Jun 26, 2006
BYJ Seen through Ayurveda - Part 1
My friend satovic is passionate about at least two things in life; BYJ, and the world of Ayurveda. Combining the two, she provided a good piece of writing for the members of B.S.J. (“Blue Sky Joonie” or “Bae Supporters in Japan”):
Originally posted in Japanese on B.S.J. on Oct. 1, 2004
Translated by flowerbossa (courtesy of satovic)
Bae Yong Joon Seen Through The Science of Traditional Indian Medicine
I’m sorry for not being able to come to this site very often recently - I was busy assisting my Indian teacher. If you are wondering what I am doing, I basically act as a translator between my teacher and patients. When my teacher diagnoses his patients, he silently takes their pulse. He would not even ask their names.
After he concentrates on taking their pulses for about a minute, he begins to tell about what is going on in their bodies in Indian English, occasionally using Sanskrit terms. It is then my job to write to them down in a real hurry, and explain it to the patients in Japanese. The content of the doctor’s diagnosis is not limited to the problems of physical health. The human exsistence is a combination of the heart, the soul and the body.
So, for example, if you happened to experience a psychological shock caused by a tragic incident 5 years ago, you might have liver problems stemming from this. The two aspects are related. The doctor is also able to tell your physical history from the time you were in your mother’s womb. And this is not fortune-telling. It is a form of medical science with its own theory. A record of our past is firmly stored in our bodies. Of course, it would require a long period of training to be able to tell these things, just by reading one’s pulse. However, without going through such rigid training, we do become capable of recognizing some aspects of our bodies, if we learn about this science. That is the wonderful part about Ayurveda, the science of traditional Indian medicine.I will like to talk about wuri Yong Joon through the perspective of this Indian science.
First of all, Ayurveda is founded on the premise that there are three major forms of energy in this universe. These three are symbolized in wind, fire, and water - however, we are not talking about wind itself. We call them such, as the characteristics of these three forms of energy resemble them to a large degree. For the sake of convenience, we will call it “the energy of wind”, but it is important to remember that this is not an accurate expression. This is an essential point as it will become clearer later on.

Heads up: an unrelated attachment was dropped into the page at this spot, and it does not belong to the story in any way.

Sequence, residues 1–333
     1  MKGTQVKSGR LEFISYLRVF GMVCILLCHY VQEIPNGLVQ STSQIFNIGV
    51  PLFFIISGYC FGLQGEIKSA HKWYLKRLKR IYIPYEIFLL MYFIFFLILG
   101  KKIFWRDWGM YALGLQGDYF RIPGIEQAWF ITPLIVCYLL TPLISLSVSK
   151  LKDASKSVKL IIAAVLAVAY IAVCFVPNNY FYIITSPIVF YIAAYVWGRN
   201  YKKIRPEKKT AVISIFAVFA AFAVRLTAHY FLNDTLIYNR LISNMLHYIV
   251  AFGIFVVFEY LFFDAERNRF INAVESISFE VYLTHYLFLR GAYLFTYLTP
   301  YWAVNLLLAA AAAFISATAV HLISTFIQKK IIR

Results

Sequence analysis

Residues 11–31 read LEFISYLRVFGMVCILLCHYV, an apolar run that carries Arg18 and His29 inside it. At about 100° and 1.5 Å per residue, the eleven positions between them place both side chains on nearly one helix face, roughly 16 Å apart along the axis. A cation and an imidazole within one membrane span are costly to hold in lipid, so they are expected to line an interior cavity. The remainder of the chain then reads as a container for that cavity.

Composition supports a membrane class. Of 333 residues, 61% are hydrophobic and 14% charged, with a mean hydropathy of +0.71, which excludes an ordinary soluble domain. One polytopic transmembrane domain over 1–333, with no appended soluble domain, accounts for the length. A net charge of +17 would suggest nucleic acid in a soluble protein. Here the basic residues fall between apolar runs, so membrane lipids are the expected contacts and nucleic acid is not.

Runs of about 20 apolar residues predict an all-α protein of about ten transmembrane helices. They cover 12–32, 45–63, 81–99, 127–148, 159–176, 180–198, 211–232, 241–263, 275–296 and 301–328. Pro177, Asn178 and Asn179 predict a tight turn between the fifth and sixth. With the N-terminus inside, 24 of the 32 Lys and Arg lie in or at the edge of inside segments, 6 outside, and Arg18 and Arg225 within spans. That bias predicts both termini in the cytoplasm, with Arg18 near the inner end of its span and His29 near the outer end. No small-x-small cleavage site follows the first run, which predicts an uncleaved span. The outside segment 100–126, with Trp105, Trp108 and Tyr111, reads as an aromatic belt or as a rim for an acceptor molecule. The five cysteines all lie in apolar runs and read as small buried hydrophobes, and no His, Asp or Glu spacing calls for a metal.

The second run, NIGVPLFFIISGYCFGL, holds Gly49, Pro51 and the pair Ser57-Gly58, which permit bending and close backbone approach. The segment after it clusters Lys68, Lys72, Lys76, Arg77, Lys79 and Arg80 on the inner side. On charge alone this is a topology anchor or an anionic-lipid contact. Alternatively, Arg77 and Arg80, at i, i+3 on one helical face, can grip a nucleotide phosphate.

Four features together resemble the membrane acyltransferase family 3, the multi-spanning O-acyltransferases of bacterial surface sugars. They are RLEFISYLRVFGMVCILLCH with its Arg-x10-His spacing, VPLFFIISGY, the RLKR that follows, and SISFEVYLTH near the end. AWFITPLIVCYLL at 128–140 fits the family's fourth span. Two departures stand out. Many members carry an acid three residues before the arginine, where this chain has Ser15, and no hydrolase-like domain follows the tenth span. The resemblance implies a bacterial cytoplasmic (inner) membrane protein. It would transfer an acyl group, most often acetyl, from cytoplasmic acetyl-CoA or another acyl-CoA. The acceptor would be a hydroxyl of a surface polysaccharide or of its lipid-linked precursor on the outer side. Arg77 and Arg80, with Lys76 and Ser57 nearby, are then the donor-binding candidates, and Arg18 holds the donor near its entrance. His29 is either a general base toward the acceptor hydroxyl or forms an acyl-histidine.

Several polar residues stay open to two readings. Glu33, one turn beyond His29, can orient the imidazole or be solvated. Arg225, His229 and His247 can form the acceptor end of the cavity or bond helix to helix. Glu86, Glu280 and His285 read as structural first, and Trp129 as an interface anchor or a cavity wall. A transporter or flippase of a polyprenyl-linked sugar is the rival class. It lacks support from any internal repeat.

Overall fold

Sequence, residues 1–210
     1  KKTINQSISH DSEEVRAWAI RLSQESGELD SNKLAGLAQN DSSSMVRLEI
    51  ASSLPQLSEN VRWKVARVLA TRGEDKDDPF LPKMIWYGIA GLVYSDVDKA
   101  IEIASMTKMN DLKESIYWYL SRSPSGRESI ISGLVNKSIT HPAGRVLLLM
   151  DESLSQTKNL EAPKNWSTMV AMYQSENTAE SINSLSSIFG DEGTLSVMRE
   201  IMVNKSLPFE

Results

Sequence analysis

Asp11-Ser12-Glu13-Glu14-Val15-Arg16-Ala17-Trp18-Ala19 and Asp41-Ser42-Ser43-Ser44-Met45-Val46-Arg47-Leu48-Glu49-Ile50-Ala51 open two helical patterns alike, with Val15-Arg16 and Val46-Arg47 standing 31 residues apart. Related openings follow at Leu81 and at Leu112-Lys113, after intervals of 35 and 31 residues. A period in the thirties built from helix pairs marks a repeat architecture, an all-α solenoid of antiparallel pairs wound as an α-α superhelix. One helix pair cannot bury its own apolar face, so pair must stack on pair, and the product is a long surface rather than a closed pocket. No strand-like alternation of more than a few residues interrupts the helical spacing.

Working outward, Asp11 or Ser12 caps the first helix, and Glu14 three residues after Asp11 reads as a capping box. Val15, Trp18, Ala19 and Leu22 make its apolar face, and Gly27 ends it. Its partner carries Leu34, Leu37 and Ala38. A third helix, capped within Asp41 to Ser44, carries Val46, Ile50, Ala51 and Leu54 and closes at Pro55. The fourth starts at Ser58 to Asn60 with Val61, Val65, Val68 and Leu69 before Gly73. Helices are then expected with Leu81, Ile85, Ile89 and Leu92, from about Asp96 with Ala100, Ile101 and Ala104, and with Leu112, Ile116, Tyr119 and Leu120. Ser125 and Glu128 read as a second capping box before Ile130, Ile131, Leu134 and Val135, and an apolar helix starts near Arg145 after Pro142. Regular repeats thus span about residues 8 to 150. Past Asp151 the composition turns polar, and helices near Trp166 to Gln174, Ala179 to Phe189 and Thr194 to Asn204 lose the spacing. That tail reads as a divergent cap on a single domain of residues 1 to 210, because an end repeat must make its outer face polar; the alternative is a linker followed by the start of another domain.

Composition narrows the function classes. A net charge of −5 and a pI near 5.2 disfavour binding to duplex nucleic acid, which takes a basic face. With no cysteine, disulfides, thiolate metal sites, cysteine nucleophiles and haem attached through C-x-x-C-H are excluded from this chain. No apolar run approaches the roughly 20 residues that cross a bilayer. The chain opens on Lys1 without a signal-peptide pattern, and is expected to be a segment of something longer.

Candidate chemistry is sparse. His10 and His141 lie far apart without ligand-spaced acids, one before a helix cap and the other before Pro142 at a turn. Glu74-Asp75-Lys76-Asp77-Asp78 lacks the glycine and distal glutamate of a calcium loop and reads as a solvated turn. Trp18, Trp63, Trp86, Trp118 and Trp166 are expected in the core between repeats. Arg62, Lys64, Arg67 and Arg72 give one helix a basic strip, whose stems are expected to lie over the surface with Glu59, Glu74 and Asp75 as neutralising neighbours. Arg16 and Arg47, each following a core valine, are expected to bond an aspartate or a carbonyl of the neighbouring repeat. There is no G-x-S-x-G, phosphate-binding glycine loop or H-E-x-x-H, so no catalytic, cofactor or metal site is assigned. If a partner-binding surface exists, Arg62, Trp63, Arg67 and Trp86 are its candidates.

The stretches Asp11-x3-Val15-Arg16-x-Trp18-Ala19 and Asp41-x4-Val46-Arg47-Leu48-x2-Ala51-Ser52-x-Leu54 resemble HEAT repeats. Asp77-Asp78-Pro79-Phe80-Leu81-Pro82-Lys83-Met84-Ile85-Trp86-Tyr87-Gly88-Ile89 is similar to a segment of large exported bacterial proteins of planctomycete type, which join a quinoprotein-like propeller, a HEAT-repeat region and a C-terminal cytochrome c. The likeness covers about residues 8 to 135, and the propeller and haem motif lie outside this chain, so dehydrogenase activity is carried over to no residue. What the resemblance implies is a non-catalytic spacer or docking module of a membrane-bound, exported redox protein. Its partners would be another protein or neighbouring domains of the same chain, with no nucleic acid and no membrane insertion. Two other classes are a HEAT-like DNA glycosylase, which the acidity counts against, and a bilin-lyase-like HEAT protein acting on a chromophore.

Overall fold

So, these three forms of energy works in everything in nature, and it is no exception with human beings. The predominant energy in each individual is determined at the moment fertilization occurs, and this depends on factors such as our parents’ physical and mental constitution, timing of conception and environment. What is determined at this time remains unchanged in the course of one’s lifetime. Although all three types of energies are functioning within us, we generally display the characteristics of two, with one slightly more dominant than the other. Therefore, if “wind” is the most predominant energy in a certain person, with “fire” about medium, and “water” functioning in an even lesser degree, we would call him a “wind-fire” type.
In Yong Joon-ssi’s case, I think his constitution is the typical “fire-water” type. The reason I say “I think” here, is because this analysis is only based on my indirect observation. I have never met him in person, let alone gotten to know him to a degree that I can see his true thoughts. Therefore, what I am talking about is the YJ I see through his works and what we hear about him through the internet – and I cannot say anything for sure.
So, how can we determine a person’s constitution? We can learn many things about a person through his build, hair, skin, eyes, lips, his way of speaking, the way of thinking, his way of behavior, his digestion, patterns of sleep, habits, hobbies,etc.
Then, when we discover the type of one’s constitution based on these observations, we are able to predict how a person might think or behave in certain situations. This will make things easier in terms of human relationships, and because we will become more accepting of the idea that we are all different, we will not get upset as much. Also, we will learn to step into other people’s shoes. And, because our constitutions will determine the type of illness we are prone to and how we can deal with them, it is useful in taking care of one’s own health and that of our family’s.
The more we learn about the relationship between one’s constitution and what one should eat, how we should sleep etc., the more interesting it gets, and the knowledge is useful in our daily lives. Not only do we become healthier physically, we can become happy through attaining a calmer state of mind. That is the great thing about this science. Although “treatment of illness” is a part of this knowledge, the prevention of illness is the essence of Ayurveda.
Alright, I’ve babbled enough on the wonders of this science. Let’s go back and talk about Yong Joon.
(to be continued)